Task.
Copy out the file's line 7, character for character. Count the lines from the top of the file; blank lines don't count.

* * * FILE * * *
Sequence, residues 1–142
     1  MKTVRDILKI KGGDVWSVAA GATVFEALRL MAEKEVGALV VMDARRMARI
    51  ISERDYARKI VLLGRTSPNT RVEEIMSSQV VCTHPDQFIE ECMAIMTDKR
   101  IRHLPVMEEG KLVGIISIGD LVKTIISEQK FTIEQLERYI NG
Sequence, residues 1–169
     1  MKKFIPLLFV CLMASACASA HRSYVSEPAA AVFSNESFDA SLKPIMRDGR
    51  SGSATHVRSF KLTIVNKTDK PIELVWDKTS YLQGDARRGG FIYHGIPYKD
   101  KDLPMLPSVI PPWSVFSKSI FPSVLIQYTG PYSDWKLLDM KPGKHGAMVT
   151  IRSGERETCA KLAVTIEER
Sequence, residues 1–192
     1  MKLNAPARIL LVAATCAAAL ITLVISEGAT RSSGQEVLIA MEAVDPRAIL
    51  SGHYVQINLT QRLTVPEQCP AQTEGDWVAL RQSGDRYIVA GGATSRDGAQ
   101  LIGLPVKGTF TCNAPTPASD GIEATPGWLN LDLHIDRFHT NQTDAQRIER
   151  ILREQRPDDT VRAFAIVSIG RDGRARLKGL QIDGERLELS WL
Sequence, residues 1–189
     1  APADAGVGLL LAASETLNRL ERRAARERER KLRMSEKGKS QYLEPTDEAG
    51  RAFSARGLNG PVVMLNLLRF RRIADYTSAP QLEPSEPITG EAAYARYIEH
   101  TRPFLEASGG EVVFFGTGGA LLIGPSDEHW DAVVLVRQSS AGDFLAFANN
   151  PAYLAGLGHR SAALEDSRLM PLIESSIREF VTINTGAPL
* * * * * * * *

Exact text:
    51  SGSATHVRSF KLTIVNKTDK PIELVWDKTS YLQGDARRGG FIYHGIPYKD